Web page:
Who is The Pizza Maker, anyway? Entrepreneur Mark O'Brien in White Lake, Michigan, says he is--and used a federal trademark to stake his claim. But Allied-Sysco Food Services Inc., a subsidiary of billion-dollar food distributor Sysco Corp. in Houston, wants rights to The Pizza Maker moniker and filed a petition to cancel O'Brien's trademark. So who's right?
No one yet, pending litigation. After the U.S. Trademark Trial and Appeal Board canceled O'Brien's Pizza Maker trademark last year, he countered by filing a federal lawsuit against Sysco and Allied-Sysco. Despite the lengthy legal battle, O'Brien insists he'll fight to the end. "If I don't win, I lose my company," he says.
Many small businesses have found themselves caught up in similar legal tangles. Consider Dee's Cheesecake Factory in Albuquerque, New Mexico: After years of success, this bakery's founder launched a legal battle after discovering a national corporation using the same name, minus the "Dee's." As a result, both companies retain their respective rights to use the "Cheesecake Factory" name.
"Rights in names or trademarks in the United States arise from use in commerce--not necessarily from registration," says Mark Partridge, a Chicago attorney specializing in trademark and unfair competition law. "[Small businesses] have to understand that just thinking of a name and getting a registration doesn't give you a monopoly." Anybody can file a petition to cancel your trademark if he or she believes you've abandoned it--the exact reasoning behind Allied-Sysco's hot pursuit of O'Brien's Pizza Maker.
To protect yourself, you must actively use your company name and document all business transactions to prove it. Build an identity with your clients; courts often entitle protection if confusion arises from another company using your name. And get a federal trademark by filing an ITU (intent to use) application with the U.S. Patent and Trademark Office; this guarantees nationwide rights prior to use.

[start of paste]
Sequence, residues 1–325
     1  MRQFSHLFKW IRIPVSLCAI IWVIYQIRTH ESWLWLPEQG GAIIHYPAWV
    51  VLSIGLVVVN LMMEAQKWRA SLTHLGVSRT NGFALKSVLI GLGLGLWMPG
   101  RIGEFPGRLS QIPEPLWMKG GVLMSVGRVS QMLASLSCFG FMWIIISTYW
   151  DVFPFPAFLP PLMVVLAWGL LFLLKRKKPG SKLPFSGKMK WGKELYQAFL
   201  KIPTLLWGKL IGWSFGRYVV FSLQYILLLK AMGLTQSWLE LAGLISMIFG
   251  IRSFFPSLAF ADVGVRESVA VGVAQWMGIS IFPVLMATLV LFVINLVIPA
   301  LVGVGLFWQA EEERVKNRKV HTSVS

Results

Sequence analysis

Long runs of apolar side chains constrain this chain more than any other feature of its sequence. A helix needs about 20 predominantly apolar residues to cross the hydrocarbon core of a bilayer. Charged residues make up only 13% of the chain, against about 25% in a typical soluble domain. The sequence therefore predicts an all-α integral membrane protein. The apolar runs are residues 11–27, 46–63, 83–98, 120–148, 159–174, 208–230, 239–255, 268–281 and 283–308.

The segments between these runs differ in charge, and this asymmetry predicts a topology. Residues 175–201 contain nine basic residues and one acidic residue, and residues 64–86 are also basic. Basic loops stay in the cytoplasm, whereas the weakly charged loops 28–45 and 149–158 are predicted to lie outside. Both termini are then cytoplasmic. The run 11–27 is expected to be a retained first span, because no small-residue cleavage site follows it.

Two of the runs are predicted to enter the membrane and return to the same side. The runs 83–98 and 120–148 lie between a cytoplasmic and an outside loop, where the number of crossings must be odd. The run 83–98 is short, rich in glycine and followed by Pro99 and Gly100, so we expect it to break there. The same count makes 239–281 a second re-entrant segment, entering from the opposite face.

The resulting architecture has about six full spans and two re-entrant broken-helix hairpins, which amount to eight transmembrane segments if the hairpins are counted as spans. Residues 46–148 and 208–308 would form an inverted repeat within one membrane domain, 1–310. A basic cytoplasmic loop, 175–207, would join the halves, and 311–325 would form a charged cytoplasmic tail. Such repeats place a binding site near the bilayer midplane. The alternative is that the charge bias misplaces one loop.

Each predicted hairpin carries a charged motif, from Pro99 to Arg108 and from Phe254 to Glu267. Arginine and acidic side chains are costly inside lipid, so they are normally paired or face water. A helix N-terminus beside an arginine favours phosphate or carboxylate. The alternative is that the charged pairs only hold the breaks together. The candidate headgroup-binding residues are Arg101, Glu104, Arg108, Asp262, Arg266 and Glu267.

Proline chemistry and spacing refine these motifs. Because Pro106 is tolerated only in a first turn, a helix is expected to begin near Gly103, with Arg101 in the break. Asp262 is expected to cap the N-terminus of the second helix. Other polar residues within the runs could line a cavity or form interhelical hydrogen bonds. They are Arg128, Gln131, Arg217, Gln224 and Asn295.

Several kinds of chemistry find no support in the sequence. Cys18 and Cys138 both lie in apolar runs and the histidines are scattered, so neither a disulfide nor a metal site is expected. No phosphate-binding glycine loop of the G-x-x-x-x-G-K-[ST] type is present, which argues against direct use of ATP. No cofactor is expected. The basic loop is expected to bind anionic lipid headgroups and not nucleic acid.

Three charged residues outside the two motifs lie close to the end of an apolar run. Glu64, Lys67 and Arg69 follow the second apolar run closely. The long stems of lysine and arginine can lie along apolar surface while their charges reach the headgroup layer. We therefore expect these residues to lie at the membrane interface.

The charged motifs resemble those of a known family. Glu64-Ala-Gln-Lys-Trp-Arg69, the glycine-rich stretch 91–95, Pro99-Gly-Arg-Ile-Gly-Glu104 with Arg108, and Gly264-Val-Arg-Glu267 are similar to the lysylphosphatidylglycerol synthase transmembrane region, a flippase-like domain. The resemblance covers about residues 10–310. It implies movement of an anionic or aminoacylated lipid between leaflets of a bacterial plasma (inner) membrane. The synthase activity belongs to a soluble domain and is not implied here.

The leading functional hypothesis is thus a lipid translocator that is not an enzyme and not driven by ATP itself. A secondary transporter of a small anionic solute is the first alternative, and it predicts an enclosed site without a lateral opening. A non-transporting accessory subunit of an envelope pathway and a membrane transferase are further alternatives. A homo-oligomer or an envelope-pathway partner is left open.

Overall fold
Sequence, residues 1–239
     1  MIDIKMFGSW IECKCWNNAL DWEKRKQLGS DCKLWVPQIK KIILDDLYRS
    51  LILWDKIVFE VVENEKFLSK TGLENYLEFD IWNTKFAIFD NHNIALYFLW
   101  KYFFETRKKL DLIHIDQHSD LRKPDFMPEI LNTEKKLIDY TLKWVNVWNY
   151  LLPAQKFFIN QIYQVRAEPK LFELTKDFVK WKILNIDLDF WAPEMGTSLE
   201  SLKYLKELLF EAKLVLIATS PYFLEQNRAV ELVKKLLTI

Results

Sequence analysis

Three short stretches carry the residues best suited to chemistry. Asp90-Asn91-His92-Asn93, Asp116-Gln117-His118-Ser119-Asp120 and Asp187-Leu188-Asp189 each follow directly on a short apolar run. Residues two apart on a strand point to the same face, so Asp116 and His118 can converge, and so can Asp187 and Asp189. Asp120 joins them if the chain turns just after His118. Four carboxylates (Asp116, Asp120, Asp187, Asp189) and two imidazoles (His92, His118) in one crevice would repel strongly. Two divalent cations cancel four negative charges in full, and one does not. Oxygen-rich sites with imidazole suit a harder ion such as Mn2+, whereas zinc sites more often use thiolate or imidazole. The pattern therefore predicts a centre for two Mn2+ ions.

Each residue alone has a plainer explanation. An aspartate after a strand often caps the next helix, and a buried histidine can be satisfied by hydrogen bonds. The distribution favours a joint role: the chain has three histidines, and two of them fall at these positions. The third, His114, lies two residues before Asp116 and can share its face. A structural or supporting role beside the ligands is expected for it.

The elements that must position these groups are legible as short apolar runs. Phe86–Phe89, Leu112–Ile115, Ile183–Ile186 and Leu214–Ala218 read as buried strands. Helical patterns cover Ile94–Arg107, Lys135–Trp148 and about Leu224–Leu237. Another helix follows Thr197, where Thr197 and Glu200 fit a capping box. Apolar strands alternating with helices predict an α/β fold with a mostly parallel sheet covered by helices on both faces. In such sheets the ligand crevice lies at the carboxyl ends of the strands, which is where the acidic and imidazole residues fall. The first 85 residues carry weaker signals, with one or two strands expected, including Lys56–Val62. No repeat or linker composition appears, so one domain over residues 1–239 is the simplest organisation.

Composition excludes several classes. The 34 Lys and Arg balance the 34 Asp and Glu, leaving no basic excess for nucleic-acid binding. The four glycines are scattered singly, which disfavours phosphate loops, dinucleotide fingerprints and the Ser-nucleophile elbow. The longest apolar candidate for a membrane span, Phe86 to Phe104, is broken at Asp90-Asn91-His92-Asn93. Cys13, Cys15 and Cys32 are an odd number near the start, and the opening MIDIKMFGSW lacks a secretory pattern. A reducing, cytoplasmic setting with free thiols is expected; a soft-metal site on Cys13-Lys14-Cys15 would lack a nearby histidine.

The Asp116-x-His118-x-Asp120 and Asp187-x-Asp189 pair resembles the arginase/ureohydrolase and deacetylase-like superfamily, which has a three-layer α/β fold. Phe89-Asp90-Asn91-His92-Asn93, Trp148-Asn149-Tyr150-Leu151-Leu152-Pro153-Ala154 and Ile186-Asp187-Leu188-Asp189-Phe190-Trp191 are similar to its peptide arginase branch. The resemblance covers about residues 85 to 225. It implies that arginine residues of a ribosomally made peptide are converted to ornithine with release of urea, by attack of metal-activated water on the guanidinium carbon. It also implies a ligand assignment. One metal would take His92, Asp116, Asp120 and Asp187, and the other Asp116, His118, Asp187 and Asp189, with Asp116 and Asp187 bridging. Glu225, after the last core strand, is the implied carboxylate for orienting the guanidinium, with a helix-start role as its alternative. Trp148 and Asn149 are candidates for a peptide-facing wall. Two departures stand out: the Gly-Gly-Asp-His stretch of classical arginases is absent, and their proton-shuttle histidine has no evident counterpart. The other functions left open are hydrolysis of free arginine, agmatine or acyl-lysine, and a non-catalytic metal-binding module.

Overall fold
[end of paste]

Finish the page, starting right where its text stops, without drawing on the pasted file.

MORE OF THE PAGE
To strengthen your strategy, do business in other states. "Your rights are limited to where you do business unless you obtain a federal registration," explains Partridge. "[And remember,] no marks are created equal. Some are weak from the start, and some are strong." Unique names, such as Xerox, offer far more protection than those that just describe what you do, such as The Pizza Maker.
It's a lot to keep in mind, but covering your bases will help you in the end. Says Partridge, "It's not a losing battle if you think about it from the start."
By Debra Phillips
When you think of entrepreneurship, you invariably think of fishing, right? OK, we don't either. But however unlikely it might initially seem, the analogy of fishing to business is surprisingly effective in Fishy Business: How the Wisdom of the Angler Can Help You Succeed at Work (Berkley Books, $12 paper).
Co-written by brothers Bill and James P. Ignizio, Fishy Business extracts sound business advice from such notable fishing commandments as, "Any lure that catches fish is a good lure." In this instance, the underlying entrepreneurial truth is that you should stick with products or services that are doing well--and not pursue unnecessary diversification. Another mandate: "Don't fish for pike like you would for bass." (In business-speak, this means you should know your customers.)
Designed to appeal to fishers and nonfishers alike, Fishy Business is a fun read. Or, in angler-speak--our version of it, anyway--the fish are really biting.
Mark Partridge, (312) 554-7922, firstname.lastname@example.org